Nowadays, the alheira is served with french fries, rice and a fried egg on top.
The Church of São Domingos, a baroque church located in the historic center of Lisbon, next to Praça do Rossio, dates from the 13th century and, in addition to being an important church because royal weddings were celebrated here, is also the protagonist of a history that still makes us shiver today.
The first stone of the Church of São Domingos was laid in 1241, and since then, it has undergone successive restoration and expansion campaigns.
The architectural style of the Church of São Domingos is a mixture of the different periods and influences that shaped it, including in 1748, with the reform implemented by Frederico Ludovice to the chancel, as well as the subsequent reconstruction work by Manuel Caetano Sousa and the reconstruction works that took place after the great fire of 1959. Of the various elements that constitute it, the Mannerists and Baroque stand out.
This Baroque church is classified as a National Monument. It contains mannerist features, with a single nave in a Latin cross, a prominent transept, a rectangular chancel, a circular crypt, a cloister and a sacristy. The exterior is characterized by the simplicity of lines and the interior is rich and eclectic, highlighting its large columns, marble and tiles.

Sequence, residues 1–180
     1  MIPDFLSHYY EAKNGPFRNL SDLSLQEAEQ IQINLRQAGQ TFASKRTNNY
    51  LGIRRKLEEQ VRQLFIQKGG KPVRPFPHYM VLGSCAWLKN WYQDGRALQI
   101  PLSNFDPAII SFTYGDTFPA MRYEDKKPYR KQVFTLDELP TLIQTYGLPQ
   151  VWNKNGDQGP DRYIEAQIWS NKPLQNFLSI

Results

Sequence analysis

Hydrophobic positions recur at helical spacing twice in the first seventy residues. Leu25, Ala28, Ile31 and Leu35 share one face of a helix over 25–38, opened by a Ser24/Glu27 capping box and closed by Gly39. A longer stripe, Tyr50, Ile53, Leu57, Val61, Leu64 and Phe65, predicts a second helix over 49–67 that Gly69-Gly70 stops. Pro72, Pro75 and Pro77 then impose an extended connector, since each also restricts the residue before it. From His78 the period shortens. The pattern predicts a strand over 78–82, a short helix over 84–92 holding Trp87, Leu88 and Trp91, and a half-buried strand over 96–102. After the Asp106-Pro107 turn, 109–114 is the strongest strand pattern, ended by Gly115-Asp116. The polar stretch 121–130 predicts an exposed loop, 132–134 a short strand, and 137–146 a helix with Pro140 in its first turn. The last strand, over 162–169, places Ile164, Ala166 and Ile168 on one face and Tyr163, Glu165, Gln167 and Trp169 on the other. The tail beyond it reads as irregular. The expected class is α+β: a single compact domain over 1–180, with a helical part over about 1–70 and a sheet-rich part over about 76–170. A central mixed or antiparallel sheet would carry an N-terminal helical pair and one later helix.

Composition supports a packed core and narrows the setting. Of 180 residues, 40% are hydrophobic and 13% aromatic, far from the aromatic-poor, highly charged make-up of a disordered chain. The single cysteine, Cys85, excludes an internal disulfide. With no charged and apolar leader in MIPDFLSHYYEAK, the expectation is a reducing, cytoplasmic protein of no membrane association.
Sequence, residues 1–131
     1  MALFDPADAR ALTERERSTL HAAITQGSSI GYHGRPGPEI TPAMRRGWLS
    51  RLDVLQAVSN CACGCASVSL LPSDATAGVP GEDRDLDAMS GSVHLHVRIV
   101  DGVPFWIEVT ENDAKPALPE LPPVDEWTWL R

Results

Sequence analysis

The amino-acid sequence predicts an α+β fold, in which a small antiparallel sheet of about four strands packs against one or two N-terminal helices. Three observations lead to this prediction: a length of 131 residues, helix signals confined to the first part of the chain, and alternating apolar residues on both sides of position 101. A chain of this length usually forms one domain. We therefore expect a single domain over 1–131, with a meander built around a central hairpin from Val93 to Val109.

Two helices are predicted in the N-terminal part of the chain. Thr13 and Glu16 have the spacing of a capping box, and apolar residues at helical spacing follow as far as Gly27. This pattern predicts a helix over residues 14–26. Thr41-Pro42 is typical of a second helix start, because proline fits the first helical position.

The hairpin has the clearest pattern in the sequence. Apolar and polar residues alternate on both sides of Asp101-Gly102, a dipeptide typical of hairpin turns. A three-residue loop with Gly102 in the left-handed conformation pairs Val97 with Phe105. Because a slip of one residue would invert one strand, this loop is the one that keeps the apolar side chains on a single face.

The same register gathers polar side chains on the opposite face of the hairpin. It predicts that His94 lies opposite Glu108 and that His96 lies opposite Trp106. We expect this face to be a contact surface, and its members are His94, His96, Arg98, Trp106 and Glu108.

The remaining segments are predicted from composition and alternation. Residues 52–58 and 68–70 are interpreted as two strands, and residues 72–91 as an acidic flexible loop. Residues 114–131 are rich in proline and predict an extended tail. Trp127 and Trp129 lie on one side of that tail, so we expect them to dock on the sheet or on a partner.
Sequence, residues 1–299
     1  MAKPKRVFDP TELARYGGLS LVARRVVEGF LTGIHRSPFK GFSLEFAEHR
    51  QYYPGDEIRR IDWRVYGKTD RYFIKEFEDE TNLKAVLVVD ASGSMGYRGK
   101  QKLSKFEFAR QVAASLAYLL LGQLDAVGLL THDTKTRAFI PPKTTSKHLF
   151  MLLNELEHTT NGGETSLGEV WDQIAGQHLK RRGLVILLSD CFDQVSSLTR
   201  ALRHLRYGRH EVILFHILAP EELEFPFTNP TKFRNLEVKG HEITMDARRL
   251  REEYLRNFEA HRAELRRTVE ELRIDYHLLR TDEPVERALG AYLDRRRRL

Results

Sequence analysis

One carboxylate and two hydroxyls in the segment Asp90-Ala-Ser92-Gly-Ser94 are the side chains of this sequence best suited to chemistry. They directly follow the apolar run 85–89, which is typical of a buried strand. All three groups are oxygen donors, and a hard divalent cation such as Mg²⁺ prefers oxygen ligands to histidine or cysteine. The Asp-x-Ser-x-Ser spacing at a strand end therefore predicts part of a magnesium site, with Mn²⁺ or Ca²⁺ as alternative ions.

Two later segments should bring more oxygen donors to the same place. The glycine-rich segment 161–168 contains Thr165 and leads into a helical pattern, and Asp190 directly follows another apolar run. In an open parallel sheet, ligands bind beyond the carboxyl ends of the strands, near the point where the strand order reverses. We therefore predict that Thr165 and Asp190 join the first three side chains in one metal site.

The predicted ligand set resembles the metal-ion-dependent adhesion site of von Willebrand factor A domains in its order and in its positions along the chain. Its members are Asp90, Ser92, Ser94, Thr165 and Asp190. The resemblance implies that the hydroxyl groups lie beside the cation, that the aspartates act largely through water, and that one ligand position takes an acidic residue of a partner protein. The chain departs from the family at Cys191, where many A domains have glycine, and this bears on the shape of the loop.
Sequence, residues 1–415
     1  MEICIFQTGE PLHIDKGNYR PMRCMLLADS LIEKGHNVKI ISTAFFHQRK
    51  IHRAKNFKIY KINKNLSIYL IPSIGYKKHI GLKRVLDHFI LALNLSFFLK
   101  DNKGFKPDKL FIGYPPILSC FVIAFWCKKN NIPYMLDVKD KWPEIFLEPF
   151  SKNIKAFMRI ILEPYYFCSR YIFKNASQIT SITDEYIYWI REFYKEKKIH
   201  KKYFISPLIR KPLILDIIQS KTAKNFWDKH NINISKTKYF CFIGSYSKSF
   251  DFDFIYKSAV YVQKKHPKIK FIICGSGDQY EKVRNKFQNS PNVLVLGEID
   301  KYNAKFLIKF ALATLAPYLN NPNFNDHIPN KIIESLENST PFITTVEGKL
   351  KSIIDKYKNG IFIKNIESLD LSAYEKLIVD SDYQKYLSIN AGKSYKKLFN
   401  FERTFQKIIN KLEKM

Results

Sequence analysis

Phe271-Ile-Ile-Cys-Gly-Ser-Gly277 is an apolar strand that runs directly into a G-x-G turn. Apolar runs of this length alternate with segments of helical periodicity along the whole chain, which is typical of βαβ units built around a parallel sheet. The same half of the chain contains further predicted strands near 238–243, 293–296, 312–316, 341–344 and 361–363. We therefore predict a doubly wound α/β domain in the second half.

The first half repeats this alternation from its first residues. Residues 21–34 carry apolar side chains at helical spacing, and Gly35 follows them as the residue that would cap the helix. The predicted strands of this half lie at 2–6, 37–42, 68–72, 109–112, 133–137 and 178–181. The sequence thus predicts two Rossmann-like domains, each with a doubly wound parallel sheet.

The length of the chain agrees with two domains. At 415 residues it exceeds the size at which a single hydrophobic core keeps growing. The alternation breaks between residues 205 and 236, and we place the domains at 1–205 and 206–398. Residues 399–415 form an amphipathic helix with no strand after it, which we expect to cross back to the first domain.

But it is a story that happened here more than 500 years ago that has marked the history of this church forever.
It was in the Church of São Domingos that one of the darkest episodes in Lisbon’s history began: the massacre of the city’s Jews in 1506.
On April 19, 1506, the faithful filled the church, calling for an end to the drought and plague, when a light entered the church and someone said they saw the face of Christ illuminated. Soon everyone started shouting that it was a miracle. In the midst of this, there was a dissenting voice: a new Christian, that is, a Jew who was forced to convert, tried to argue that it was just a physical phenomenon, caused by the reflection of light. Enraged, the crowd turned on him and beat him to death.
It was the beginning of three days of slaughter in the city of Lisbon. The story goes that the Dominican friars cried out against the Jews and urged the people to kill the “heretics”. Many people had already left the city because of the plague, but those who stayed, to which were joined many passing sailors – “of ships from Holland, Zealand, Germany and other place”, wrote Damião de Góis -, did not spare the Jews who crossed their path. Men, women and children were tortured, massacred and burned at the stake, many of them right there near the Church of São Domingos. Between 2,000 and 4,000 Jews are said to have died.
Damião de Góis wrote: “And since they were unable to find new Christians on the streets, they went to rob the houses where they lived and dragged them to the streets, with their sons, women and daughters, and threw them into the mix, alive and dead, at the campfires, without mercy. ”
25 years later, in 1531, a terrible earthquake damaged the church, that was restaured. In 1755, the great Lisbon earthquake damaged the church once again and badly. And it was not the last tragedy. A fire occurred on August 13, 1959.
When the church was rebuilt (it reopened in 1994), it was decided to leave the marks of what had happened. Today the burned walls remind us of the story of the massacre of 1506 – as if the words of hatred of the Dominican friars and the sound of the angry mob and the screams of the Jews still echoed.